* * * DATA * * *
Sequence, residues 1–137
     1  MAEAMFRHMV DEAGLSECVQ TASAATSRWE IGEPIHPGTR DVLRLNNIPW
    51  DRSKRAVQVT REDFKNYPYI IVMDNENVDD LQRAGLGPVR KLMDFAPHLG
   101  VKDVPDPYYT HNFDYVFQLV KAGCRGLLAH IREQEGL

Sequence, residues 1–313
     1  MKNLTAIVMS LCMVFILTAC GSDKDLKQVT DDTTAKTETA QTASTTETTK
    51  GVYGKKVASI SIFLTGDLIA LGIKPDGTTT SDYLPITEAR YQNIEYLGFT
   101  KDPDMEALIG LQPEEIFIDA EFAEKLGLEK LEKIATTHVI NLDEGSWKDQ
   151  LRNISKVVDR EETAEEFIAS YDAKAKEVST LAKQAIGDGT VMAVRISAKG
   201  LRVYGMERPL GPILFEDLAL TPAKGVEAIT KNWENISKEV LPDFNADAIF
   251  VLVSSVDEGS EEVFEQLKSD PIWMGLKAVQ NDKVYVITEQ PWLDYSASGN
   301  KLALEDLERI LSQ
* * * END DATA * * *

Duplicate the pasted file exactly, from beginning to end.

Sequence, residues 1–137
     1  MAEAMFRHMV DEAGLSECVQ TASAATSRWE IGEPIHPGTR DVLRLNNIPW
    51  DRSKRAVQVT REDFKNYPYI IVMDNENVDD LQRAGLGPVR KLMDFAPHLG
   101  VKDVPDPYYT HNFDYVFQLV KAGCRGLLAH IREQEGL

Sequence, residues 1–313
     1  MKNLTAIVMS LCMVFILTAC GSDKDLKQVT DDTTAKTETA QTASTTETTK
    51  GVYGKKVASI SIFLTGDLIA LGIKPDGTTT SDYLPITEAR YQNIEYLGFT
   101  KDPDMEALIG LQPEEIFIDA EFAEKLGLEK LEKIATTHVI NLDEGSWKDQ
   151  LRNISKVVDR EETAEEFIAS YDAKAKEVST LAKQAIGDGT VMAVRISAKG
   201  LRVYGMERPL GPILFEDLAL TPAKGVEAIT KNWENISKEV LPDFNADAIF
   251  VLVSSVDEGS EEVFEQLKSD PIWMGLKAVQ NDKVYVITEQ PWLDYSASGN
   301  KLALEDLERI LSQ